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Boss Is Entitled to Proof of Errands During Work Hours

April 15, 2002

Question: I recently joined a medium-sized company as a full-time, salaried employee.

When employees are away from the office during a work day on personal matters, the company requires us to provide a note or a receipt as proof of where we were.

For example, if I were late for work because I had car trouble, I would be required to show a receipt from the towing company. Otherwise, my absence would be considered unexcused, and after a certain number of these absences, I could be subject to disciplinary action.

I and many co-workers find this policy to be paternalistic at best and an invasion of privacy at worst.

Is my employer legally entitled to know the specifics of my medical appointments, errands and responsibilities outside of work?

--S.M., Los Angeles

Answer: Yes, if you must miss work to attend to them. Employers have a legitimate interest in ensuring that employees attend work regularly and that absences be kept to a minimum. Your employer's policy seems to be an effective means of doing so.

The only legal restriction on your employer's policy is that employees who are eligible for coverage under the Family and Medical Leave Act may not be terminated for having too many absences that relate to covered medical conditions. But the act permits employers to require employees to provide medical documentation of absences.

Also, although your employer does not need to know (and probably does not want to know) the specific reasons for doctor visits or the treatment you received, your employer is entitled to receive confirmation that you had a medical appointment that caused you to miss work.

--James J. McDonald Jr.

Attorney, Fisher & Phillips

Labor law instructor, UC Irvine


Employer Sets Exempt Worker's Schedule

Q: I am a professional, salaried employee whose time is billed to clients. I am expected to work during lunch and after hours, including weekends, as needed, without receiving overtime pay.

Yet my employer insists I report to work by 8:30 a.m. each morning, and stay at my desk until 5:30 p.m. each night. If I am late to work or leave early, can I legally be penalized?

--D.W., Pasadena

A: As an exempt, professional employee, you are entitled to be paid a salary that does not vary with the quantity or quality of the work you perform. You are not entitled to overtime pay when you work more than eight hours in a day or 40 hours in a week.

By the same token, your salary cannot be docked or reduced if you arrive for work late or leave early.

But the law permits employers to set an exempt employee's work schedule. Thus, although your employer cannot dock your pay, your employer can legally discipline you, or even fire you, for tardiness or for leaving work early.

--Joseph L. Paller Jr.

Union, employee attorney

Gilbert & Sackman


Bonuses Can Come in Cash or 401(k)

Q: My former employer was in the habit of giving a cash bonus at the end of the year.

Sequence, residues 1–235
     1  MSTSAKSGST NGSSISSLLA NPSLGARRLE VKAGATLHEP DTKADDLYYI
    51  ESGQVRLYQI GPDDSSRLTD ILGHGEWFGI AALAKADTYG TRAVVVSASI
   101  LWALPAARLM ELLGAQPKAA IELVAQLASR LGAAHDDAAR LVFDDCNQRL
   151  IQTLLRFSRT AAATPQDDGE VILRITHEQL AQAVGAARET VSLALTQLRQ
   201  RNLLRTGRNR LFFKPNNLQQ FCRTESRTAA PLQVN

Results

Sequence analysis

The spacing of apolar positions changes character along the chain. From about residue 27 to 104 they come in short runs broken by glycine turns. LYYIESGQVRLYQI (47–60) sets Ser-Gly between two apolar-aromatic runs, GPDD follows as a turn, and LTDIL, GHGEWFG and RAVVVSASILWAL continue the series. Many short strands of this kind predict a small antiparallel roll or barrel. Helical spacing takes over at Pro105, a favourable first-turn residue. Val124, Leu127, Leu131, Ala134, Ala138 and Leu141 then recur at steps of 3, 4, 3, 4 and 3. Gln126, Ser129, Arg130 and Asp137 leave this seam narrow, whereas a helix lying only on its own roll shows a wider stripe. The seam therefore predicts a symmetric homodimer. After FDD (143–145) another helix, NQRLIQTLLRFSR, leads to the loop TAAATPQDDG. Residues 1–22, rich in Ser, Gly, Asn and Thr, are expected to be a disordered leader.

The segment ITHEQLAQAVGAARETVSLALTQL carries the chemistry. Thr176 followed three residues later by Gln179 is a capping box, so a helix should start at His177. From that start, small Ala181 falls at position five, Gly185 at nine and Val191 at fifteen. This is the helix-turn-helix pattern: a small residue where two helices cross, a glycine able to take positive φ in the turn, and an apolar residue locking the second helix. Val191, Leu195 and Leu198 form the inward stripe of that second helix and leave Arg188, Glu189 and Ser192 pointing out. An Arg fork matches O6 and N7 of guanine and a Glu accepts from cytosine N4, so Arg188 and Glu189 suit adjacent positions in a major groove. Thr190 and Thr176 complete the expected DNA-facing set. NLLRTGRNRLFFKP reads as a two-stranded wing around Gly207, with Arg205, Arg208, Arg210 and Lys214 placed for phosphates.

Last year, however, I received part of my bonus in cash, while the rest was deposited into a new profit-sharing program.

I was not consulted about the distribution.

After being laid off because of the slow economy, I was told that my money in the profit-sharing program is subject to the same vesting schedule as employer 401(k) contributions.

Can the company legally subject my bonus to a vesting schedule? The letter the company gave me explaining the bonus distribution plainly stated the full amount as my bonus.

--L.V., Costa Mesa

A: Your employer has the discretion to pay the bonus directly to you or contribute it to a tax-qualified retirement plan on your behalf.

There is no requirement that bonuses be paid in cash to employees or that the employer consult with the employees to determine their preferences.

Furthermore, contributions for the profit-sharing program can be subject to the same vesting schedule as matching employer contributions to your Section 401(k) plan.

--Kirk F. Maldonado

Employee benefits attorney

Brobeck, Phleger & Harrison


Rights to Overtime Pay Can't Be Signed Away

Q: I just joined a consulting firm that agreed to pay me so much per hour for all hours worked.

Did I sign away my rights to overtime pay by signing that agreement?

--P.S., Los Angeles

A: No one can sign away the right to receive overtime compensation. If you were entitled to overtime compensation before you signed the agreement, you still are.

--Deborah C. Saxe

Management attorney

Heller Ehrman White & McAuliffe


If you have a question about an on-the-job situation, please mail it to Shop Talk, Los Angeles Times, P.O. Box 2008, Costa Mesa, CA 92626; dictate it to (714) 966-7873, or e-mail it to shoptalk@latimes .com. Include your initials and hometown. The Shop Talk column is designed to answer questions of general interest. It should not be construed as legal advice. Recent Shop Talk columns are available at

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